Oh my god.
Yeah, that’s one of my favorite details in the whole book.
Wow, I hope he still tipped that guy.
I don’t know, he got it for free.
Just as an NBA analyst, how do you feel about this Sixers team? Do you think they have as good a chance as anyone at the title?
I think that the strategy that Hinkie employed was in [the mindset] of trying to compete for titles year after year after year, not just make one effort at it like Toronto did in 2019, or like the Mavericks in 2011. And I think Philly is right there. I don’t think they’re the favorite by any stretch, but they’ve got an unguardable guy in Joel and they’ve got an elite defense. At the end of the day, the title [often] comes down to a lucky bounce here or there or an injury or whatever, and they’re right in that top tier where anything could happen, and they have a real shot at it, for sure.
Finally, I’ll ask you the unanswerable question: how do you think things would have played out if Sam Hinkie was never usurped of his power and forced out?
I think Sam is one of the most brilliant people I’ve spoken with — let alone NBA people I’ve spoken with. He’s really, really, really, thorough and detailed. And he asks all the right questions when he needs to, and I think that mindset would have translated to building something. I think he never got a chance to do it. I think a big misconception was that [the Sixers] were just gonna tank and tank and tank and people don’t really realize that if Joel Embiid didn’t get hurt in his workout with Cleveland — Cavs officials, to this day, maintain that Joel broke his foot during his workout with the Cavs — they would’ve gotten [Andrew] Wiggins at 3. Dario [Saric] probably would’ve been the guy at 10. Dario and his agent told me that they got a promise from Sam, from Philly, that they were gonna take him at 10. That’s a whole ‘nother factor with the Elfrid Payton trade. But I think that their plan all along was to build towards 2016 free agency. That’s why Brett negotiated for a fourth year in his contract, that’s why they were hiring people like Chris Babcock and Todd Wright who had connections to Kevin Durant from Texas, who was obviously a free agent in 2016. They were hiring Billy Lange from Villanova who had a connection to Kyle Lowry. Lloyd Pierce had a connection to LeBron. They were doing small things like that and there was definitely an air around the organization that 2016 was gonna be the year that they were gonna build this core and then sign the free agent to come and lead them to the promised land. So I think the strategy was in place, and then Joel fell to them at 3 and the whole Okafor fight in Boston happens and it all fell apart. I think Sam was planning for it and I think he could have done it.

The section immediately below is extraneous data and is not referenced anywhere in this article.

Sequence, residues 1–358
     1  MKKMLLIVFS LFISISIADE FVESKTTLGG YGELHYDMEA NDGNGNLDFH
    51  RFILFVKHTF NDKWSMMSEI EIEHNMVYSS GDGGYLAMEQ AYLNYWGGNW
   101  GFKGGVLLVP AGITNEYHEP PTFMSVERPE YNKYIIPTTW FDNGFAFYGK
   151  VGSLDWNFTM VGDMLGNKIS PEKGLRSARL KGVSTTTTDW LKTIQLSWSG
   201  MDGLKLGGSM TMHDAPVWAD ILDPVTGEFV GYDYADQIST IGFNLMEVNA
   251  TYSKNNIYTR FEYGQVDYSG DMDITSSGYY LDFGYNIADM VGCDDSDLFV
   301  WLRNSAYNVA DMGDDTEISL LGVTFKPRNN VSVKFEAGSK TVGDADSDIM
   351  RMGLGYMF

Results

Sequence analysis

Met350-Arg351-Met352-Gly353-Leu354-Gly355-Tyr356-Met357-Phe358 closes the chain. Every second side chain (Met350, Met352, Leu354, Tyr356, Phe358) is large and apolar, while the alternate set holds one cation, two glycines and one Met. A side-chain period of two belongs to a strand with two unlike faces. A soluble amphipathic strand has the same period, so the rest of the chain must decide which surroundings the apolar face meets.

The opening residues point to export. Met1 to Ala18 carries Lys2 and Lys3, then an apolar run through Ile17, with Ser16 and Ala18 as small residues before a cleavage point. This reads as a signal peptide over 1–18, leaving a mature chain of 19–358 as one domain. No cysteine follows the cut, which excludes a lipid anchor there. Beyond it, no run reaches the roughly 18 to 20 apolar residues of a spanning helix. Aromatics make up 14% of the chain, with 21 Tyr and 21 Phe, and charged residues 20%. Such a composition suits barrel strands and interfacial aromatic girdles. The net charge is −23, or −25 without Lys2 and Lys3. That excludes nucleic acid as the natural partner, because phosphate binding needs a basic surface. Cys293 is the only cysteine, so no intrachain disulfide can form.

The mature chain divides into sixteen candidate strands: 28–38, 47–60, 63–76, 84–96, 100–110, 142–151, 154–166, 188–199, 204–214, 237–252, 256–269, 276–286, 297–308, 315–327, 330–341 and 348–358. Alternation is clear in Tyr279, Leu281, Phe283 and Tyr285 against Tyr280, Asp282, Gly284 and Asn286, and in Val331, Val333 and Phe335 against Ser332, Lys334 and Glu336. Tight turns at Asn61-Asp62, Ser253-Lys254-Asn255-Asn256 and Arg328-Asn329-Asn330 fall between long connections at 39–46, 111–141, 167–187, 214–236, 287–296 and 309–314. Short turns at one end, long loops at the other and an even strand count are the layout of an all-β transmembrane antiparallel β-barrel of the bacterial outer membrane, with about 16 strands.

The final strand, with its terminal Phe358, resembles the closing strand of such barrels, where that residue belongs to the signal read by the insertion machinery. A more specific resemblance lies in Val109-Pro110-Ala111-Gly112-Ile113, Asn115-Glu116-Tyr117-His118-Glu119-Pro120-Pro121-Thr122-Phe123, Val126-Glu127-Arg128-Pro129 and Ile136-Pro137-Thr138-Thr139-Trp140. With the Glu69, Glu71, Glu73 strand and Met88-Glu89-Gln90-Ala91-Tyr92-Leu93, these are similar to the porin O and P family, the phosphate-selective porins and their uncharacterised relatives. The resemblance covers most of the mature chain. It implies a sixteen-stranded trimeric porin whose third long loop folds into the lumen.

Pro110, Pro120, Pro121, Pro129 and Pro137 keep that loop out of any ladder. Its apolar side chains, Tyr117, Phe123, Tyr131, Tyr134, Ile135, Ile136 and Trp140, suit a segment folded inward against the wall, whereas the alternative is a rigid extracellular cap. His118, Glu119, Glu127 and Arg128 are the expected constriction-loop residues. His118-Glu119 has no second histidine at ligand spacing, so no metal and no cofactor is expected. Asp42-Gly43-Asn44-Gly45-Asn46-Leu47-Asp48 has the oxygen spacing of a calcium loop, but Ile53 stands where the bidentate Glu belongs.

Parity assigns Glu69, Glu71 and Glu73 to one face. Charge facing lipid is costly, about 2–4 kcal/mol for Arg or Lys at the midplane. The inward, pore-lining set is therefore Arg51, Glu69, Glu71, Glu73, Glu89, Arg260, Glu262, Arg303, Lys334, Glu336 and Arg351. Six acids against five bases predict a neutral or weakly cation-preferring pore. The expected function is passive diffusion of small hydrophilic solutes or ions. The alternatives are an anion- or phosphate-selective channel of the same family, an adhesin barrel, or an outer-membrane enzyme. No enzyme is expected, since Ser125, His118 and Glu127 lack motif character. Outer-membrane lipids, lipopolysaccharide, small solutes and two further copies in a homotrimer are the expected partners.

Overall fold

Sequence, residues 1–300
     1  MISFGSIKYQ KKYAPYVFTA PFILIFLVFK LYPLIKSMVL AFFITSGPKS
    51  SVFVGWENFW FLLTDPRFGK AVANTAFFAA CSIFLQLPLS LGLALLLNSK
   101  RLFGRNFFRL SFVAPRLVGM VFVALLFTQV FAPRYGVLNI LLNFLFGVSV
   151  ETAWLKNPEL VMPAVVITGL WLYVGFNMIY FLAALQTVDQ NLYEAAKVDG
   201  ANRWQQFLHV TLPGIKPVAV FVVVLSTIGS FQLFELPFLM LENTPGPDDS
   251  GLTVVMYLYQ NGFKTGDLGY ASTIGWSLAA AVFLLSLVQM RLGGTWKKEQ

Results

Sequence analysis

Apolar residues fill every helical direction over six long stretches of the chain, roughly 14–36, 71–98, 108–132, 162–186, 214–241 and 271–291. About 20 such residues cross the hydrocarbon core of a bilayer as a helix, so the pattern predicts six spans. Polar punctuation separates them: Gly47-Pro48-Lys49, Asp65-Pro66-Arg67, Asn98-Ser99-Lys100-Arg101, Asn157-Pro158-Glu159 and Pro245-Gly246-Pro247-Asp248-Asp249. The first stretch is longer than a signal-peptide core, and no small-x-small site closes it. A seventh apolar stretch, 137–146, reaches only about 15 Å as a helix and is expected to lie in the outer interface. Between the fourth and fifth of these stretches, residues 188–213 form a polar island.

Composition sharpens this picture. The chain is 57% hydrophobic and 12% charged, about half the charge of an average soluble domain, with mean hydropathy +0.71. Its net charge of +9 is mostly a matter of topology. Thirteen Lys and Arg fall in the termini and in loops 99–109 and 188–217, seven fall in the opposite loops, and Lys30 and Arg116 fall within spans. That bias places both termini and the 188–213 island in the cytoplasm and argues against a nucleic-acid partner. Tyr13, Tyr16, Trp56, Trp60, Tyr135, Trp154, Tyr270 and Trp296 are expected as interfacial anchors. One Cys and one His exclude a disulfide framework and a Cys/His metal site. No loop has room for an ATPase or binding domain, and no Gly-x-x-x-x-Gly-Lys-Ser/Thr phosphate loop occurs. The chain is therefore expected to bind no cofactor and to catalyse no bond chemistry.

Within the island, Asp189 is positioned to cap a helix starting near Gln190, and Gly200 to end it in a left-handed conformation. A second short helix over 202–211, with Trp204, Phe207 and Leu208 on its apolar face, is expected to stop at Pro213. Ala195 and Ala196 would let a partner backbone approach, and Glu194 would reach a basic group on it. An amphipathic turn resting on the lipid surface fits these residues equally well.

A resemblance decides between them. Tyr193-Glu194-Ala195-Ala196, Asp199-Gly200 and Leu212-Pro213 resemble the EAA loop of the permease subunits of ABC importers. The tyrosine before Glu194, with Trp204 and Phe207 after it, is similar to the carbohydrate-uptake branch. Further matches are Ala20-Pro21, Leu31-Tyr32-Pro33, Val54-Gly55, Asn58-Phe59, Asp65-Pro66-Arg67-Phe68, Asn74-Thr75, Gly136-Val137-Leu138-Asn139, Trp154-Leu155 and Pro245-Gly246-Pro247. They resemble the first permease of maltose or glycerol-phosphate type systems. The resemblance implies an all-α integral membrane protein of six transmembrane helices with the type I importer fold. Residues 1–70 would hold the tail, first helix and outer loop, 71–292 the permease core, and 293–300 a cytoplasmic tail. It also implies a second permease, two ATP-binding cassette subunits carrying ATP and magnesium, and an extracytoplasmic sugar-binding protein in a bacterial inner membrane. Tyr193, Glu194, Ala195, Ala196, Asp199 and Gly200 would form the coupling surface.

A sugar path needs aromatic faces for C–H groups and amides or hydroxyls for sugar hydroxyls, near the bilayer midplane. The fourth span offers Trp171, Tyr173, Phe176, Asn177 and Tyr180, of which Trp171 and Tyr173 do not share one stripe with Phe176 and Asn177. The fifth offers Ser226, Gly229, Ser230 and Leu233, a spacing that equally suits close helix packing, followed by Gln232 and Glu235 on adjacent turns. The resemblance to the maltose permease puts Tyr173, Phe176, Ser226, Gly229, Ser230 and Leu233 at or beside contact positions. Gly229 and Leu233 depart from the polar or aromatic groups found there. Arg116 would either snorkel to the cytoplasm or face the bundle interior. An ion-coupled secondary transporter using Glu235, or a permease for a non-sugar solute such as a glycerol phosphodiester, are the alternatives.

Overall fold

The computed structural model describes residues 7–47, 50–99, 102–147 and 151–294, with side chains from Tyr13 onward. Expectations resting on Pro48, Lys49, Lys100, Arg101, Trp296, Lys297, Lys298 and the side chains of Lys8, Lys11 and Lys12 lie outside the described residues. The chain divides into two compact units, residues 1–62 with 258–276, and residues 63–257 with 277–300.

Is there anything else that you’d like to get out to the Liberty Ballers community?
I mean, without Liberty Ballers I don’t think this book exists. I think, from creating the narrative to, also, the community that we helped cultivate, but also that people were a part of that helped make this a topic of relevance, and also supported all of our careers. And the fact that I’ve written this and Derek and Rich [Hofmann] and Kyle [Neubeck] are on the beat like they are, and Spike [Eskin] and Mike have become the juggernaut that they have been, and Jake Pavorsky’s running The Basketball Tournament. Apologies to anyone I’ve left out. But that’s not just a testament to us, it’s a testament to the readers. So that’s my shout-out to the Liberty Ballers crew and community.
Follow Jake on Twitter here.
This interview has been condensed for our readership.